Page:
The Cedars (a juniper forest) near our house is finally dry enough for a long ride.
This pond is still frozen, but we hear a canyon wren singing its melody and see bluebirds flitting about.
We see elk in the distance, and later, a group of deer.
Coco samples Steve's PBJ sandwich.
Yes, we have yet another PBJ fan in the family.
Most of the trails in the Cedars are sandy, but some have cobblerocks.
In 350 B.C., the Greek historian, warrior and horseman Xenophon wrote a book called "On Horsemanship", in which he described a method of training that is considered the basis for modern dressage. He offered many recommendations for becoming one with a horse psychologically as well as physically, and advice on preparing a horse for warfare. (Only here can you learn "how to mount using your javelin"!)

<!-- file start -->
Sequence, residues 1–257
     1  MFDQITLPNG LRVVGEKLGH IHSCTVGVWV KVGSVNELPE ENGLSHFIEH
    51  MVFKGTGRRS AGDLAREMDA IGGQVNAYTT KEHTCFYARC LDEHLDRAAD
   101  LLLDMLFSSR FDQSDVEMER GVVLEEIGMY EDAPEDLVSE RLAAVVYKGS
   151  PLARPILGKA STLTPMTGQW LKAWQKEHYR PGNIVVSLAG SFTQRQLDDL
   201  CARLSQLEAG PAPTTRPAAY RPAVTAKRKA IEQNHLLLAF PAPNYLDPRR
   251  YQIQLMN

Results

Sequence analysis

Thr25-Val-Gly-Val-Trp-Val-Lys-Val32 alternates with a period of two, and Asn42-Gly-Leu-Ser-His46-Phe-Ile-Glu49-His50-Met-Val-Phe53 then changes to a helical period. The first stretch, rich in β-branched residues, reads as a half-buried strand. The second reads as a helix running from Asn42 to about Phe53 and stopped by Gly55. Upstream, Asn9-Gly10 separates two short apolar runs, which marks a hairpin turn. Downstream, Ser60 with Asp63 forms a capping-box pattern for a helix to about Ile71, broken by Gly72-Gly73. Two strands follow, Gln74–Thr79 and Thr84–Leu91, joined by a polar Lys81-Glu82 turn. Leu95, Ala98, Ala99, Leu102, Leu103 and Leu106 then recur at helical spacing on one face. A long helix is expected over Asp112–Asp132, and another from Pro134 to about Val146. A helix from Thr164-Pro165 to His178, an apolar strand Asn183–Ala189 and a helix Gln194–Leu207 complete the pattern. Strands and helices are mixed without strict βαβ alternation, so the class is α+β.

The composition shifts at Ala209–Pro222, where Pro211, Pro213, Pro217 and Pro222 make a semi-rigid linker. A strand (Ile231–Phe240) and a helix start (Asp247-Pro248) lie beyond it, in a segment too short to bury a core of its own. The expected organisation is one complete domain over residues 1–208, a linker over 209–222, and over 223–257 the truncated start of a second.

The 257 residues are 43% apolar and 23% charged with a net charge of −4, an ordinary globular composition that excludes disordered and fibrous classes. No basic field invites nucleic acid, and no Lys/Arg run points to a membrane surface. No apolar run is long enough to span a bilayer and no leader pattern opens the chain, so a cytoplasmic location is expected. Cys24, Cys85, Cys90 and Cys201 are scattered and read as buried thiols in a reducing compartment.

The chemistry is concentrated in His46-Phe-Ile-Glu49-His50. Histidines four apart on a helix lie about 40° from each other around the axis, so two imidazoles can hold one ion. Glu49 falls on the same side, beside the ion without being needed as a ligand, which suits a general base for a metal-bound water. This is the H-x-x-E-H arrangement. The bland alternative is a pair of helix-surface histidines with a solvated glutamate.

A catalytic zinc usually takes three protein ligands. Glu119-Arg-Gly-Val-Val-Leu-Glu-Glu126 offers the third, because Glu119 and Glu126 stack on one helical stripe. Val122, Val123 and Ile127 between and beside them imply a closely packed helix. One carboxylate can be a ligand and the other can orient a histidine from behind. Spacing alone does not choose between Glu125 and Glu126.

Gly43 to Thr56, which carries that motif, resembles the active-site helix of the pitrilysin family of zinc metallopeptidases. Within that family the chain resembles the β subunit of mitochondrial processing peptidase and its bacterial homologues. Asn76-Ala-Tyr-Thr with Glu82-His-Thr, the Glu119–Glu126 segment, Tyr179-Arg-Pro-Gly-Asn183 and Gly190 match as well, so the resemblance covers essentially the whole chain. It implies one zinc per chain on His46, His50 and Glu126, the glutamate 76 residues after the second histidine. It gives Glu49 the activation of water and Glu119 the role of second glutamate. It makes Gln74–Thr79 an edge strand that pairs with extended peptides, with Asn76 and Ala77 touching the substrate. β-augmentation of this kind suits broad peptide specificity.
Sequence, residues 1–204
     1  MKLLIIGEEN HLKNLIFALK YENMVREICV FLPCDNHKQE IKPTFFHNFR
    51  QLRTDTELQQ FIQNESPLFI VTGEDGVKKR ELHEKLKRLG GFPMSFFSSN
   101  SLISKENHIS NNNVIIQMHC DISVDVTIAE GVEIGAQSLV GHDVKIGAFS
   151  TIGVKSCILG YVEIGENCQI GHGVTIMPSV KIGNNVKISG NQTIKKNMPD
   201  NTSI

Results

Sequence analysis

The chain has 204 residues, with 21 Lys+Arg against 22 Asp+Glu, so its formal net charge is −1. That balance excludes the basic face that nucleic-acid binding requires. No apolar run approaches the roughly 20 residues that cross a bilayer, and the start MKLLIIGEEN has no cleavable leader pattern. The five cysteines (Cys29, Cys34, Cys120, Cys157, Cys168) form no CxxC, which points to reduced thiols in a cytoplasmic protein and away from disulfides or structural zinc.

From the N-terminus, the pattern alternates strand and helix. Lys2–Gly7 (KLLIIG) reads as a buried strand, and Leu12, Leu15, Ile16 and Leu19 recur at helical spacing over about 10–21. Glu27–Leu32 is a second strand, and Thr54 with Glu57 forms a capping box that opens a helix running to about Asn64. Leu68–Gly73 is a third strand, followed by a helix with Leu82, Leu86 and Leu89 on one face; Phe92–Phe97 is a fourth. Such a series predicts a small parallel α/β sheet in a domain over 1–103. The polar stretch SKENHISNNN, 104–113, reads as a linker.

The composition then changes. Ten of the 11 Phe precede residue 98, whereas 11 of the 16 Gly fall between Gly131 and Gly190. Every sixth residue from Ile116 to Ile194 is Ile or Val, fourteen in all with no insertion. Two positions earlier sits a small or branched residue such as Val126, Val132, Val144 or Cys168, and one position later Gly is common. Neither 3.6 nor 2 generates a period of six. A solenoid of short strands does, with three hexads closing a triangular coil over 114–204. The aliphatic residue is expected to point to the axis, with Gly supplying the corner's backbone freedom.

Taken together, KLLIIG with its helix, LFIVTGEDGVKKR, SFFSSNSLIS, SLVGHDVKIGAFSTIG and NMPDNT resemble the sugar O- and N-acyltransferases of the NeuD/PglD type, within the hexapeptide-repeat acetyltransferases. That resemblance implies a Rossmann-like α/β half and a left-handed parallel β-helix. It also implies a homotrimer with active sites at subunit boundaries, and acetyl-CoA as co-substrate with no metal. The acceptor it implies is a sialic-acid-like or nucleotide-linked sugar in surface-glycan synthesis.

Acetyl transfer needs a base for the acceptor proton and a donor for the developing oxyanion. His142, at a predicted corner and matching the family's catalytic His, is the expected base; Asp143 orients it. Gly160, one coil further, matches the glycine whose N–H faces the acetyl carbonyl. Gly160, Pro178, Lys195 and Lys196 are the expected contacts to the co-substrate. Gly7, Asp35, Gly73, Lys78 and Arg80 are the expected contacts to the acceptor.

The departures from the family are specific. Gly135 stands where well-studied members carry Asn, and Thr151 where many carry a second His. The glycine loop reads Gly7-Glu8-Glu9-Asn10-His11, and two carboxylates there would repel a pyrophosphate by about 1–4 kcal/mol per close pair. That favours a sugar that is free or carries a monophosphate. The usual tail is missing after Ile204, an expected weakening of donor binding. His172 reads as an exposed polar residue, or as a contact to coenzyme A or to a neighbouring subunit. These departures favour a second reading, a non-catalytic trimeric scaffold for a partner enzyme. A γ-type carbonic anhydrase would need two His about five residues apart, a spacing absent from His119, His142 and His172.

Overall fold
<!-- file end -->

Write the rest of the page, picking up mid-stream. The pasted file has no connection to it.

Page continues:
In a section on hoof care, he suggests keeping a horse in a paddock with hoof sized cobblerocks to strengthen the hooves. We don't have any cobblerocks in our pasture, but riding over rocky terrain serves the same purpose. Cobblerocks are great for barefoot hoof conditioning.
The hooves are looking good, with tough soles and strong hoof walls. We'll be ready for rocky Uinta Mountain trails this summer.